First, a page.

Young people from across Cleveland will get a taste of how they can assist in a major incident as part of their Duke of Cornwall Community Safety Awards.
Fifty young people aged between 12 and 18 years old from the Scouts, Girl Guides, Police Cadets and local schools will come together with local agencies from the Local Resilience Forum to be involved in a mock emergency situation.
Cleveland Police, Cleveland Fire Brigade, British Red Cross, Cleveland Mountain Rescue Team and the Local Resilience Forum will all be involved in the exercise on Saturday 21st March at the Tactical Training Centre at Urlay Nook, a state of the art firearms training facility.
HRH The Prince of Wales established The Duke of Cornwall Community Safety Awards in 2012 after a visit to Cornwall in 2010 which had been hit by severe flooding.
Police and Crime Commissioner for Cleveland, Barry Coppinger, said: “Giving young people the chance to get involved in major incidents to see how the emergency services work together and to allow them to learn new skills is an ideal opportunity for them and a fantastic experience.”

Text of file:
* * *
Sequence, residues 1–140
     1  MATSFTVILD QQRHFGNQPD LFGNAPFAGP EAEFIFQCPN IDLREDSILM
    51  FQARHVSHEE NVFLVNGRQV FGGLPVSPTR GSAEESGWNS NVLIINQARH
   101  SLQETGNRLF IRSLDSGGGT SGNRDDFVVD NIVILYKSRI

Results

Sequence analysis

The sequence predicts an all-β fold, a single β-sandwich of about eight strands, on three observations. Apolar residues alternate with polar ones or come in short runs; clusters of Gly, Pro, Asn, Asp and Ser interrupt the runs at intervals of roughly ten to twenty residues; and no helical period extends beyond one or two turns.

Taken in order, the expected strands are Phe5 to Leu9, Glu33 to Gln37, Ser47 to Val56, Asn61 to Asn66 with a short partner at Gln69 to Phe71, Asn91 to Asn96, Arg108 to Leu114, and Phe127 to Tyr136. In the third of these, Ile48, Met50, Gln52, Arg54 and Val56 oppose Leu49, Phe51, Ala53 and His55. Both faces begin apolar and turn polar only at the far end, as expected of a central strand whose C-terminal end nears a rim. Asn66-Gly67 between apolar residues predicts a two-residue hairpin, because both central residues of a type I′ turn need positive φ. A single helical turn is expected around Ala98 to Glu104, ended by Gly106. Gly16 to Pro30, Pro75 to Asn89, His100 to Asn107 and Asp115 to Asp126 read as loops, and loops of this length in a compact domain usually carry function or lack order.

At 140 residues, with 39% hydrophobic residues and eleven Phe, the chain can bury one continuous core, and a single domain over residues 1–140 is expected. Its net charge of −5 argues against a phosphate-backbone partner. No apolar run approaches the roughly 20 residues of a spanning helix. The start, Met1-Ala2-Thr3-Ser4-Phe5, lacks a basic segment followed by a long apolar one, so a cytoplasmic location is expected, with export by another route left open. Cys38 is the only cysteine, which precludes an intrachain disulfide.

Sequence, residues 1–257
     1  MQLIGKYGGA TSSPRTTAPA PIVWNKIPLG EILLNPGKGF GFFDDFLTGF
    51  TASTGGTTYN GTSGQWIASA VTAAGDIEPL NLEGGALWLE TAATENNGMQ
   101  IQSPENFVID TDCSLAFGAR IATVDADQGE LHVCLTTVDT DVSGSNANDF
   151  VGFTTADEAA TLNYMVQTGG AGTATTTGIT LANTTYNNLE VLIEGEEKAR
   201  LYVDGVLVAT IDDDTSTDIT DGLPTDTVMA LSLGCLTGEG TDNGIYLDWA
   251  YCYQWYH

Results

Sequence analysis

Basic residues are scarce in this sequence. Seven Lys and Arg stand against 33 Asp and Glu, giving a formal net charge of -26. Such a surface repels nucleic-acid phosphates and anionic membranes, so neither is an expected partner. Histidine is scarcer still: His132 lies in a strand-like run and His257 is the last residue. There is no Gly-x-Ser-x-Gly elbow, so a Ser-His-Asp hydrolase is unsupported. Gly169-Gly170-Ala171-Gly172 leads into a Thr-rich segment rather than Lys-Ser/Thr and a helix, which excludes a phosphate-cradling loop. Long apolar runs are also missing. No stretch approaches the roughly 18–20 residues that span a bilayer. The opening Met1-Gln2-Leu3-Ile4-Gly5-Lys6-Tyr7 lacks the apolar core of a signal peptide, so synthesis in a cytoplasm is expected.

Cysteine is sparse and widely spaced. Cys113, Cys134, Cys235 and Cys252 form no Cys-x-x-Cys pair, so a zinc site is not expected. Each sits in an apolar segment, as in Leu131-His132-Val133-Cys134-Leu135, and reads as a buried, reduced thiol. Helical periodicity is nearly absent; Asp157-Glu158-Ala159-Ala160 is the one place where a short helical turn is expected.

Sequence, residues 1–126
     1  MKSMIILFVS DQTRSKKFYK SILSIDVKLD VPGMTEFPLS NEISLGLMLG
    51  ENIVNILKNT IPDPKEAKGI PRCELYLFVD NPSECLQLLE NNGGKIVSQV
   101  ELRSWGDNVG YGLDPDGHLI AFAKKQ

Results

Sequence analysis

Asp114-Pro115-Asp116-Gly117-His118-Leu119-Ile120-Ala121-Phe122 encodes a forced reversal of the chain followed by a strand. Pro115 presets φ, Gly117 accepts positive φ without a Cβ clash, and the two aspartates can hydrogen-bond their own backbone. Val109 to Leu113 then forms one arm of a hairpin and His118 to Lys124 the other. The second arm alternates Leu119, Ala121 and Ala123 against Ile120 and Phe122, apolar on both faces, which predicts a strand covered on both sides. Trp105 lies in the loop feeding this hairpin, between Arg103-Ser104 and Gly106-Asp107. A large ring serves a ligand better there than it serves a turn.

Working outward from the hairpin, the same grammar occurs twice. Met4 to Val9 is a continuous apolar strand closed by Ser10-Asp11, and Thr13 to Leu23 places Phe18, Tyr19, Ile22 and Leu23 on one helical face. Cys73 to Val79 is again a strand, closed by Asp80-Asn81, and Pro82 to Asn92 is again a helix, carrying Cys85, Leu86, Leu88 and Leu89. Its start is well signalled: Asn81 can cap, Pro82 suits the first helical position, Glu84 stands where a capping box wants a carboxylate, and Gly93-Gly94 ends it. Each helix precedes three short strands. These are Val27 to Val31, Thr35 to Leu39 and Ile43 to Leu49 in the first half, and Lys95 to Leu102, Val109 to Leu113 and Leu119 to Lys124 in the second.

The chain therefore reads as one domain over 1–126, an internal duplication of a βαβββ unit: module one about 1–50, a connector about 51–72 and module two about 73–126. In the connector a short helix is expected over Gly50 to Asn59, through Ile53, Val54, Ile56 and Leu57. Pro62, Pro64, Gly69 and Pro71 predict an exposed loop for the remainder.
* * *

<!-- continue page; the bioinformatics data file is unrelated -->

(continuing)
The youngsters will learn of the emergency scenario on the day and will be given the chance to work in groups.
Acting Chief Constable and Chair of the Local Resilience Forum, Iain Spittal, said: “This exercise provides local young people the opportunity to learn what to do in emergency situations such as severe weather, pandemics or power cuts. It will inform the youth organisations to effectively engage in the recovery effort, as is often the case in other countries during major community emergencies.
“By the end of the day the youngsters will have a greater understanding of the mechanics of agencies responding to a major incident and how they can be of assistance. They will then be presented with their Duke of Cornwall Awards.”
Posted on Friday 20th March 2015